"The death penalty is dying in the United States, and Republicans are contributing to its demise," concludes a new report, The Right Way, released on October 25 by the advocacy group Conservatives Concerned About the Death Penalty. The report traces "the dramatic rise in Republican sponsorship of bills to end the death penalty" and the trends that it says helped contribute to this rise. Based on this data, the report says "[m]ore Republican lawmakers are recognizing that the death penalty is a broken policy and taking an active role in efforts to end it." The data in the report reflect both the emergence of Republican leadership in bills to repeal the death penalty and increased bi-partisanship in the sponsorship of these bills. Forty Republican legislators sponsored bills to abolish the death penalty in 2016, the report says, "ten times as many [who] sponsored repeal bills ... in 2000." It also reports that the percentage of repeal-bill sponsors who are Republicans has risen to 31%, a six-fold increase since 2007. The report highlights grassroots, party-level, and religious shifts in Republican views about and activism against the death penalty. In addition to the national Conservatives Concerned About the Death Penalty, conservative anti-death-penalty advocacy groups have formed in eleven predominently Republican "red states." In Kansas, the state Republican Party "removed its death penalty support from the Party’s platform in 2014" in favor of a neutral position and voted down an attempt to restore a pro-death penalty stance in 2016. The report also says Evangelicals are increasingly "forsak[ing] the death penalty," pointing to the public involvolvement of prominent Evangelical leaders opposing state efforts to carry out executions in a number of recent cases and the new policy of position the National Association of Evangelicals, expressing neutrality on the death penalty and acknowledging its flaws. Recent national polls confirm the report's observations. The October 2017 Gallup poll on the death penalty indicated that death-penalty support among Republicans fell by ten percentage points, from 82% to 72%, in the last year, and the Pew Research Center reported a seven percentage-point decline in support for capital punishment between 2011 and 2015 among respondents who described themselves as conservative Republicans. The Right Way highlights the actions of five Republican state legislators' efforts to repeal capital punishment in predominantly Republican states, and addresses the substantive concerns that have given rise to Republican death-penalty opposition. "Plagued by wrongful convictions, high costs, and delays," the report says, "the death penalty has proven to be ineffective and incompatible with a number of core conservative principles. It runs afoul of conservative commitments to limited government, fiscal responsibility, and a culture of life." As renewed pushes to abolish the death penalty move forward in states like Utah and New Hampshire, the Gallup organization suggests that the actions of Republicans may be critical in determining the death penalty's future. It's analysis of this year's poll states: "Thirty-one states, primarily in Republican-leaning regions, allow the death penalty. The likelihood of many of those states changing their laws hinges on whether rank-and-file Republican support for capital punishment remains high or declines in the future."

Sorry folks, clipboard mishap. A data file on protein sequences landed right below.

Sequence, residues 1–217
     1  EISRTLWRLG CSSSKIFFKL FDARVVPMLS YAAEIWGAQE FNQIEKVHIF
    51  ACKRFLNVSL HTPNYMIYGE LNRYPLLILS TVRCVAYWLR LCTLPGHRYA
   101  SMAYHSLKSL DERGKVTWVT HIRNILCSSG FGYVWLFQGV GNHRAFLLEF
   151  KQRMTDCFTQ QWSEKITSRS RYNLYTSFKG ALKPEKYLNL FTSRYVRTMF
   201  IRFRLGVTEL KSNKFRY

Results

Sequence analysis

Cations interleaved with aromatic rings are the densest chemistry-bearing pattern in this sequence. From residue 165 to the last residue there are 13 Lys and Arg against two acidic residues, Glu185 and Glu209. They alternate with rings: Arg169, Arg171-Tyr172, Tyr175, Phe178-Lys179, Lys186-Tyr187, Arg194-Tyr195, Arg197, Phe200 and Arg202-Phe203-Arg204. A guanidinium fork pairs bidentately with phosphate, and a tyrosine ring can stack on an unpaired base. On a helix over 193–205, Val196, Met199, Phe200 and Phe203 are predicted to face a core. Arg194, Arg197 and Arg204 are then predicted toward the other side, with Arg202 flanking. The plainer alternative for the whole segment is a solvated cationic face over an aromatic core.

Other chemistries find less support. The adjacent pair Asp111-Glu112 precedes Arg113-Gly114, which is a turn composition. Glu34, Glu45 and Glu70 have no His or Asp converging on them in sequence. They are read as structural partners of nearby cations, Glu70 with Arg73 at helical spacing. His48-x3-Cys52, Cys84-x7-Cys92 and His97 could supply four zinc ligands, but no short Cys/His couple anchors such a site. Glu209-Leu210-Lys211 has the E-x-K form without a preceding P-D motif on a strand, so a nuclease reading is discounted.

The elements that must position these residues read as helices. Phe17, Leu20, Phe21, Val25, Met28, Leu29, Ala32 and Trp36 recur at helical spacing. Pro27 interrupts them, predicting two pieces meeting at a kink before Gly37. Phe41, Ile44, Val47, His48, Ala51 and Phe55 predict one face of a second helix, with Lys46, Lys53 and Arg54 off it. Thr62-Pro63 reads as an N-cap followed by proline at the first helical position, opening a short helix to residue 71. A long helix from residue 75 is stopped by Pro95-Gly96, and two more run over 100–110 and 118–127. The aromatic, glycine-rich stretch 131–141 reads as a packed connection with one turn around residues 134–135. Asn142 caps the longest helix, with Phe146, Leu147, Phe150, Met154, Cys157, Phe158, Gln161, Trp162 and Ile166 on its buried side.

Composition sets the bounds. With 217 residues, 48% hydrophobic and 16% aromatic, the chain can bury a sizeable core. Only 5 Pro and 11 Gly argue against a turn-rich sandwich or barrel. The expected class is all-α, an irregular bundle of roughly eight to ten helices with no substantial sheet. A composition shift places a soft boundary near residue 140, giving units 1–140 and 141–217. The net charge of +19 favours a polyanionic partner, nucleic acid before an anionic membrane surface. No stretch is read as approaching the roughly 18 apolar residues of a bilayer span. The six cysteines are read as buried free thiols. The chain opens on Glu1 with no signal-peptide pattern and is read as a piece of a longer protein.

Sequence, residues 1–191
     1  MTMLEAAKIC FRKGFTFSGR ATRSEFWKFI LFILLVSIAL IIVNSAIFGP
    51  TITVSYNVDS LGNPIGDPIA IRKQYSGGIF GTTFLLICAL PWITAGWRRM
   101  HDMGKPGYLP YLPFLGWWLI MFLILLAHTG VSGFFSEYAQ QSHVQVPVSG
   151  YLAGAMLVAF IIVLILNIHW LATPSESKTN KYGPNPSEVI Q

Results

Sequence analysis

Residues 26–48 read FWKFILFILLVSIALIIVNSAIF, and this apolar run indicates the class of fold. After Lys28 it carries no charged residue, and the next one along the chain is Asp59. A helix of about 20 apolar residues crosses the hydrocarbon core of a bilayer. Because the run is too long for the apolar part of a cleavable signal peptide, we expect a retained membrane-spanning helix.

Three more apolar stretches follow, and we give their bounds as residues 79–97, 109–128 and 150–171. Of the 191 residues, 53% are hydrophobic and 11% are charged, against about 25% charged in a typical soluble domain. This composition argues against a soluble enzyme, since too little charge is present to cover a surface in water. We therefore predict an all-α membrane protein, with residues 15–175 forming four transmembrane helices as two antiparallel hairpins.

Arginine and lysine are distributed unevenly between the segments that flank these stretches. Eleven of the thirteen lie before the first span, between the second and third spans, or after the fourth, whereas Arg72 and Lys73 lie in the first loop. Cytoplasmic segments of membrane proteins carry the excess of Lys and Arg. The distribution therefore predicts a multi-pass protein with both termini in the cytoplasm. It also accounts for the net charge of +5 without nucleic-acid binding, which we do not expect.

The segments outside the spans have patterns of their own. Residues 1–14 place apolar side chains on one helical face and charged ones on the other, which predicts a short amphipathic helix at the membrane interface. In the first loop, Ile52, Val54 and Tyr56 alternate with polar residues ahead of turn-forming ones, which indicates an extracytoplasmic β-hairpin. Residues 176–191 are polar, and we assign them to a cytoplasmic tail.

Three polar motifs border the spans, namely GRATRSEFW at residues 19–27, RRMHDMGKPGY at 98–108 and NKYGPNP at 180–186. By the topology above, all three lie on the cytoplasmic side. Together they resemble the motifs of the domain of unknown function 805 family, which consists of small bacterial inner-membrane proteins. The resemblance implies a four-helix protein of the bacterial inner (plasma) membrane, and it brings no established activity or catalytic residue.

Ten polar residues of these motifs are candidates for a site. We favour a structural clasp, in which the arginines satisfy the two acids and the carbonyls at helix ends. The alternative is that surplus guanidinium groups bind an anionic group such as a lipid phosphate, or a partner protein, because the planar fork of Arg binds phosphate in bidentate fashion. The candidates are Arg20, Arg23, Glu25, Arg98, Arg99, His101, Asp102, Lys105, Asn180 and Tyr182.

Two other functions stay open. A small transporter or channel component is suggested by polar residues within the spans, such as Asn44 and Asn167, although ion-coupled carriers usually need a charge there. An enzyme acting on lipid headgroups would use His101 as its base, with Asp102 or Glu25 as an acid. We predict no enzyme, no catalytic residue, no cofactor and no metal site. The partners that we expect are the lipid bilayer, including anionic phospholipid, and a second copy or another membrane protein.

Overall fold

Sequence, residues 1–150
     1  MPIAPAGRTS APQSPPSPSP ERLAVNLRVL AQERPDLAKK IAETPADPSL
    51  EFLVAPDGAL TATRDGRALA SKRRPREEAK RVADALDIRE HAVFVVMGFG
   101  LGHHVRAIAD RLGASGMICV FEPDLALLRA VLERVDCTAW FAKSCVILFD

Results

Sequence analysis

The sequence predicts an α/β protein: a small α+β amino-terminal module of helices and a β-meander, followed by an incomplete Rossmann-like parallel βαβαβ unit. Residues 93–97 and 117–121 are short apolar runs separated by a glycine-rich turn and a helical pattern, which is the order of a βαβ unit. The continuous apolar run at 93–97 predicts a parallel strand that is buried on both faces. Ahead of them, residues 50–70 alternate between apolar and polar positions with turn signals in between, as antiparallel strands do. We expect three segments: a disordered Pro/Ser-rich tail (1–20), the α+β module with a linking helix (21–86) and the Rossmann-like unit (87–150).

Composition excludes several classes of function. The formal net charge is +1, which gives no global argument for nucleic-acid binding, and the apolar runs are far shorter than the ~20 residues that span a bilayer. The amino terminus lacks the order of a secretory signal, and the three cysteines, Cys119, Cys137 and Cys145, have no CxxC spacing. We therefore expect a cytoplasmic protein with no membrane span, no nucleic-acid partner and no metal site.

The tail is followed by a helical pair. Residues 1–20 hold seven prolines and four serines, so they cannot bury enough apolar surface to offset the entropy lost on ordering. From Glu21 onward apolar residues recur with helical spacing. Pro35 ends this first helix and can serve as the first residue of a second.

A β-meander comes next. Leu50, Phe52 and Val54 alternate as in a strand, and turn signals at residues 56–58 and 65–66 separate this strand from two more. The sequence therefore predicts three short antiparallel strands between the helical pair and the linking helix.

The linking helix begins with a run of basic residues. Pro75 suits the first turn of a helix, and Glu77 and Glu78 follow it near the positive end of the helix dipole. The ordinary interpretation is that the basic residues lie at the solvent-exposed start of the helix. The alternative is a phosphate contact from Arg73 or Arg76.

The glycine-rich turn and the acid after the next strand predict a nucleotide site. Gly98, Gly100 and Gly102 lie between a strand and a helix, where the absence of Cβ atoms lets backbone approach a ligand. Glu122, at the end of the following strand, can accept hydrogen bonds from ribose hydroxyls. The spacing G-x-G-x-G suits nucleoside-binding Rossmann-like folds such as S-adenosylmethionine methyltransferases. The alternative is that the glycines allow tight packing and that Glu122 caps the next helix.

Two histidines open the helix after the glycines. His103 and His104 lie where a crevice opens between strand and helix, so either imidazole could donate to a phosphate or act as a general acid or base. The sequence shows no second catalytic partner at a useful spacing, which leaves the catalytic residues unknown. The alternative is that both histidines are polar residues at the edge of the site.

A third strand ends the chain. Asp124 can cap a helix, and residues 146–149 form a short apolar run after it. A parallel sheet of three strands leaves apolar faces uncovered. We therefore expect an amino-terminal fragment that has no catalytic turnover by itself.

DPIC Releases New Report, "Battle Scars: Military Veterans and the Death Penalty"